Why editorial metrics give journalism a boost
“Where the attention goes, the money will inevitably follow,” writes Mathew Ingram in Forbes, citing the attention economy as the root of the “implosion” of traditional media. “And right now, the attention of a large chunk of the population is being diverted away from traditional content and information channels, and platforms like Facebook and Google are busy vacuuming it up.”
Facebook alone commands an average of 40 minutes a day of attention from a billion users. As would be expected, Facebook is keen to have them stick around to absorb more ads and thereby generate more revenue. So it’s not surprising that Facebook recently redoubled its efforts to rid its newsfeed of annoying clutter that could take away any of their users’ valuable attention.
“We’ve heard from people that they specifically want to see fewer stories with clickbait headlines or link titles,” Facebook explained on its blog.
What this reveals is a pivot away from two decades of a punishing “click economy” based on CPMs. In the mad dash to recapture ad revenue, traditional media and other online publishers are fuelling a fast rise in attention metrics. As these changes are demanding new math surrounding ad rates and prompting a greater focus on ad relevance and engaging content online, an evolution is underway that may give publishers a much-needed competitive edge.
Where did the click economy go?
If there was a moment that marked the sea change within the “click web,” many would point to 2014, when Tony Haile, CEO of Chartbeat, insisted that publishers should stop treating users like lab rats. Drawing from user behaviour data that revealed that 55 percent of people spent fewer than 15 seconds actively on a page, Haile had an epiphany: Everything we thought we knew about the web is wrong.
“Spurred by new technology and plummeting click-through rates, what happens between the clicks is becoming increasingly important and the media world is scrambling to adapt,” Haile wrote in time.com.
Chartbeat was the first company licensed to measure attention and introduced the “cost per hour” (CPH) metric, which measures how long an ad is viewed, rather than a mere view. With this new currency in digital advertising, Columbia Journalism Review queried: Can Tony Haile save journalism by changing the metric? It’s a tall order, but Haile effectively ushered in the concept of the “attention web,” which is a promising start.
“In addition to better serving advertisers, time-based metrics will benefit publishers,” the Financial Times announced, one of the first traditional media outlets to jump on board. “CPH values quality content over quantity, or real reader engagement over clicks.”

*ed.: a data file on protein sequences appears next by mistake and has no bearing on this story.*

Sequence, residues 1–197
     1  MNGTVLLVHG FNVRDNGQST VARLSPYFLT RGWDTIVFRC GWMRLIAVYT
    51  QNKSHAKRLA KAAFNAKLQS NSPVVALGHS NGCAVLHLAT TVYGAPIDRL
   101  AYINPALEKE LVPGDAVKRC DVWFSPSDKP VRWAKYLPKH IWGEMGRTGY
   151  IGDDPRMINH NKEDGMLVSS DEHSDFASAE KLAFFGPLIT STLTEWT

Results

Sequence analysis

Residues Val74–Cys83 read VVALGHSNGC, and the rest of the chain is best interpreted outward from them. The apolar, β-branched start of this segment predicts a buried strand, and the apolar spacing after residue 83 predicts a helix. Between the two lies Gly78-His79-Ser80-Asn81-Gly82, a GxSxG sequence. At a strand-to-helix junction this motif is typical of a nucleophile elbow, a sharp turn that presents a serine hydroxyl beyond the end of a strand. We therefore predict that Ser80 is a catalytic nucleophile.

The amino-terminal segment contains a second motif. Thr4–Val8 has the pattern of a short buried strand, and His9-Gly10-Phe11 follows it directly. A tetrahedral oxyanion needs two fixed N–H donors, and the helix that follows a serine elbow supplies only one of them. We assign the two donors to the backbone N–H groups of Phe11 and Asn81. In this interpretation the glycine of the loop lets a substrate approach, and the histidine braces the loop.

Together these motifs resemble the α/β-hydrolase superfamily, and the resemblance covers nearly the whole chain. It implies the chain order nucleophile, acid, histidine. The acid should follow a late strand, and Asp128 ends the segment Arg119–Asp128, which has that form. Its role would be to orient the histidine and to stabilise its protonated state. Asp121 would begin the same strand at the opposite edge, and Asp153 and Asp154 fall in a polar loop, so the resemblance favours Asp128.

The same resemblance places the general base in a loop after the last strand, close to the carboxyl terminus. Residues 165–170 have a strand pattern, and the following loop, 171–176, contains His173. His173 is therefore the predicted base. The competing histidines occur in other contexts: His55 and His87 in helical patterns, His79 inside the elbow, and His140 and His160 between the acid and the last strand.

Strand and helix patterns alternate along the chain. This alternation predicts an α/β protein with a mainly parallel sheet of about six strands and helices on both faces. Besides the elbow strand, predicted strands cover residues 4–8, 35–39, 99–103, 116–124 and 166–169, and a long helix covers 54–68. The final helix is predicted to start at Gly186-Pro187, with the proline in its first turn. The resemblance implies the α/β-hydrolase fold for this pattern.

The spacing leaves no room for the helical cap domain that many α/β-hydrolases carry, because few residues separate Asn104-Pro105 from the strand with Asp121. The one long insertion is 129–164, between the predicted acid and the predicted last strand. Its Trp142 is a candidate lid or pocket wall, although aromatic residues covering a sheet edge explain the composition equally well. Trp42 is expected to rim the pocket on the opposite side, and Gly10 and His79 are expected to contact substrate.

New wave of new metrics
Chartbeat was a visible leader in new metrics, yet in the background, the Guardian was hacking away quietly to develop their own in-house analytics platform, Ophan, to break new ground. The thrust was to provide staffers with information they could use to improve how their stories performed, essentially shaping analytics around editorial content to boost traffic. By 2015, more than 900 employees at The Guardian U.S., U.K, and Australia were tapping into Orphan.
“Everybody can see the results that they’re having,” Mary Hamilton, the assistant editor of Guardian US told Nieman Lab. She noted that there are many hands in the production process, “… so if they make a change to a headline, or if they add a link or if they add something on the front, they can now actually see the results that that’s having in real time. They can test out a gut instinct and see what happens, rather than just flying purely on that instinct.”
Smart use of data for better editorial decisions
Though a trying transition, many publishers have now turned to more advanced analytic tools: Chartbeat, Parse.ly, NewsWhip and Google Analytics. Beyond measuring page views, these tools rely on “universal analytics” to reveal what users are doing on a page, helping news organisations connect the dots between quality content, user attention and engagement to increased revenue. But there’s still a way to go: 76 percent of editors, CEOs and digital leaders said improving the use and understanding of data is critical in a 2016 Reuters Institute survey.
Now, sharper and more precise tools are at hand wrote Benjamin Bathke in Media Shift. “The next big evolution in analytics is what experts are calling “scored metrics,” which take universal analytics, look at the relationships between different signals such as reader behaviour, rank them according to their importance and interpret hints those signals provide.”
The trend in the news media industry is coming full circle with “editorial analytics” — scored metrics tailored to newsrooms’ particular editorial and organisational priorities. Bathke highlights a recent Bulgaria-based startup, Content Insights, which provides scored metrics specifically for publishers with its content performance indicator, or CPI. An algorithm-based index, CPI evaluates how a piece of content performs relative to other content on a publisher’s website.
According to users, CPI helps evaluate content performance and provides insights into what drives reader behaviour. Editorial analytics offer publishing a fighting chance in the battle for attention with social media, gaming and other sectors, Bathke asserted.
“Making use of editorial analytics may not be the silver bullet,” he concluded, “…but it is quickly becoming an indispensable weapon in the arsenal of media organisations near and far.
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